If you are the Suzerain of the Yerevan City-State, you may choose from the entire list of Promotions, instead of from just three random ones. Additionally, if you have constructed the Mont St. Michel Wonder, every Apostle will receive the Martyr Promotion for free, and in addition to any other it chooses normally. Note, however, that this limits the list of choices for a second promotion to two. Finally, in Rise and Fall, Moksha the Cardinal allows any Apostle (and also Warrior Monk) Purchased in the city where he is Governor to get two Promotions, instead of just one!
All Religious units' qualities remain the same throughout the game. Unlike military units, they don't gain experience, and don't upgrade to more powerful units. There are other factors, however, which influence any particular theological contest, and make them distinct and interesting, so do not think that the strategic part has been swept under the rug.
The Battle[edit | edit source]
A theological contest is not like a regular battle, despite looking like one. All theological battles result in the units' loss of HP, just like in a regular battle, and the loss is determined by the difference between the Religious Strength of the two contestants. However, unlike a regular battle, the Terrain bonuses that apply have nothing to do with the physical qualities of the tile where the battle is fought - instead, they are related to whose territory this tile belongs to. Furthermore, every "blow" directed against an enemy unit appears in the form of a thundercloud forming over the enemy unit, shooting down lightning to injure or kill the enemy unit.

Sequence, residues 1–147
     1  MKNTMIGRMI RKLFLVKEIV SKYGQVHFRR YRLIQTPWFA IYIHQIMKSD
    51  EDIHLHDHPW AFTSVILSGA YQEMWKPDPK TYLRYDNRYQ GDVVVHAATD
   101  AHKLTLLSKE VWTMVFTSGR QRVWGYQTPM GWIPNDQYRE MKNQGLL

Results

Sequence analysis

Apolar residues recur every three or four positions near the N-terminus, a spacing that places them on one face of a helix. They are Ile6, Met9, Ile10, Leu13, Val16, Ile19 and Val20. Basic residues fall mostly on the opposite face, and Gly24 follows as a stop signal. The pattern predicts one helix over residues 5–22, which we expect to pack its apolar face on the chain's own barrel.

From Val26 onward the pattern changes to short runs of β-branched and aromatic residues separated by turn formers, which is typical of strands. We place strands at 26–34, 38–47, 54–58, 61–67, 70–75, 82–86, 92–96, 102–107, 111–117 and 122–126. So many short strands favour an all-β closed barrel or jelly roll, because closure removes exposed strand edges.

Since the Fall 2017 Update, Formation bonuses apply in theological combat, so if you use swarms of units in battle and manage to move them in place, you will gain a significant advantage. As mentioned above, however, all Religious units exert zone of control, which makes maneuvering with and against large armies a nightmare (despite Religious units being among the most mobile in the game).
A theological contest follows the rules of engagement of melee combat: the attacking unit must be next to the target, and have enough MPs left to be able to move onto the target's tile. Note that before the Fall 2017 Update military units in the same tile acted as guardians for religious units (since enemy units couldn't enter this tile to attack). The update, however, moved all Religious units on their own 'layer', separated from the military layer, and this sort of protection is no longer possible.